• sarosServer - Triggers the build and test of the Saros Server
  • prepareEclipse - Executes all tasks which are required before developing in Eclipse
  • runIde - Starts a IntelliJ IDE containing the Saros Plugin. The IDE version depends on the value of INTELLIJ_HOME or the intellijVersion specified in the build file of the IntelliJ package.

In order to build the whole project without using existing build artifacts simply call ./gradlew cleanAll sarosEclipse sarosIntellij sarosServer.

Gradle checks whether the component specific sources are changed. Therefore a task become a NOP if nothing changed and the build results still exist. If you want to force Gradle to re-execute the tasks, you have to call ./gradlew --rerun-tasks <task>... or call the cleanAll task before other tasks. The final build results are copied into the directory <repository root>/build/distribute/(eclipse|intellij).

Formatting via Standalone Google Java Formatter

  • Download the release 1.6 of the Google Java Formatter google-java-format-<version>-all-deps.jar
  • Call java -jar google-java-format-<version>-all-deps.jar --dry-run --set-exit-if-changed **/*.java in a shell with enabled globstar (shopt -s globstar) to check the formatting and add the option --replace and remove the option --dry-run if you want to trigger automated formatting.

Format Checking in a Git Hook

If you want to check that your commit does not contain wrong formatted code use a git pre-commit hook.

  • Create an executable file in your repository .git/hooks/pre-commit which executes the standalone formatter as described in the previous section.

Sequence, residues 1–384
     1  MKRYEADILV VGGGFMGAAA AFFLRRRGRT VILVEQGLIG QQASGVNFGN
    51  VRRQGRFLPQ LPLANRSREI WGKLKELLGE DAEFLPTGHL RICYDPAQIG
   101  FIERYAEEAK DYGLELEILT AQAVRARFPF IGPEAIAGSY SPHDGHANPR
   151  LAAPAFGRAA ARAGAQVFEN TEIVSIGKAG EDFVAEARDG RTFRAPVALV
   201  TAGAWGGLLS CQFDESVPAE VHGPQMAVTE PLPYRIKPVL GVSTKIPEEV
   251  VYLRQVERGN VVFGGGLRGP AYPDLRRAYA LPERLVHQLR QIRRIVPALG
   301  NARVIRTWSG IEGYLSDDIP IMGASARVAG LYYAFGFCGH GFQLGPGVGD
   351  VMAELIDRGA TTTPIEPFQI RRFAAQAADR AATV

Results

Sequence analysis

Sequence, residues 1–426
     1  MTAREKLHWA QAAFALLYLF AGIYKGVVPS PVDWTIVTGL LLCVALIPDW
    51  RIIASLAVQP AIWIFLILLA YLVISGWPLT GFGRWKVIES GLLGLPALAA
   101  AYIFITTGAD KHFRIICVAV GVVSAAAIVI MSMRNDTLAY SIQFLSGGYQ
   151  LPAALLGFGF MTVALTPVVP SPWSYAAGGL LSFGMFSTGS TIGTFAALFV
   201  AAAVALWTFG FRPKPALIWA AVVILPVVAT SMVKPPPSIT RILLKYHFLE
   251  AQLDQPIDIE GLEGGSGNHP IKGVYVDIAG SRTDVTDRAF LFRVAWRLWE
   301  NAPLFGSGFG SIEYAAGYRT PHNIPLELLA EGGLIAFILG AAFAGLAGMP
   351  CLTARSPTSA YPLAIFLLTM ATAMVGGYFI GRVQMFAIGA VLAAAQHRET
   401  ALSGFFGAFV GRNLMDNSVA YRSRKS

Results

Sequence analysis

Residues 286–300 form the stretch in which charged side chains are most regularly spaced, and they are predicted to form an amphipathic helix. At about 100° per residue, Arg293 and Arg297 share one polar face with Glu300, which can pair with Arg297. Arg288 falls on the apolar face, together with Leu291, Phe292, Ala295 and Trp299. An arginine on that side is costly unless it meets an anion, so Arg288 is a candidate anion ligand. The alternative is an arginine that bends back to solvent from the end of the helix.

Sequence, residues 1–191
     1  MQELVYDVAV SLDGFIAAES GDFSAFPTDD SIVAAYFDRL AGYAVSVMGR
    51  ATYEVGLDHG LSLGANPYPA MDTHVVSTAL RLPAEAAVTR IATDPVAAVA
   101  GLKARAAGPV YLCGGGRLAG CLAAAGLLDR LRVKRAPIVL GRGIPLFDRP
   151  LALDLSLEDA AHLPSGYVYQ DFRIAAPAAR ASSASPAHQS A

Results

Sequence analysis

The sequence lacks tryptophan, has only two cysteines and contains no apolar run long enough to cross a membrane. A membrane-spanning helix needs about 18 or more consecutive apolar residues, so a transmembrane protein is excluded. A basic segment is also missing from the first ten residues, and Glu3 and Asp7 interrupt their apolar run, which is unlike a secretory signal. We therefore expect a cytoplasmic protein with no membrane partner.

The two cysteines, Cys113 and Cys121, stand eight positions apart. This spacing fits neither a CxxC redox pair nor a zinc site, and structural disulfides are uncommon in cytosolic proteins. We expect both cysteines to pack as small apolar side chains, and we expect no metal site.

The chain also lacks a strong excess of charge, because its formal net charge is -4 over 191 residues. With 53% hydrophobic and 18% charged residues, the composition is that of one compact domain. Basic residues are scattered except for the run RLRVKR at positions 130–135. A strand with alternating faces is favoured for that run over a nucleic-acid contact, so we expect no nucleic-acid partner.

Example Git Hook

Example hook that checks only java files that are staged.

  # check for dependent tools
  commands="grep tr curl java"
  for cmd in $commands; do
    which $cmd > /dev/null
    [ "$?" != "0" ] && echo "Command '$cmd' not available git hook is disabled" && exit 0
  # define jar location
  # download stand-alone formatter
  function download_formatter() {
    local jar_path=$1
    local url=""
    set -e
    curl -Lo $jar_path "$url" > /dev/null
    set +e
  # check whether formatter already exist
  [ ! -f "$formatter_jar_path" ] && download_formatter "$formatter_jar_path"
  # get staged java files (deleted files are excluded)
  files_to_check=`git diff --cached --name-only --diff-filter=d | grep "^.*.java$" | tr '\n' ' '`
  # execute formatter if java files are staged
  if [[ ! -z "${files_to_check// }" ]]; then
    java -jar "$formatter_jar_path" --dry-run --set-exit-if-changed $files_to_check
    [ "$rc" != "0" ] && printf "\nGit hook: Formatting issues in the file listed above\n"
    exit $rc
  exit 0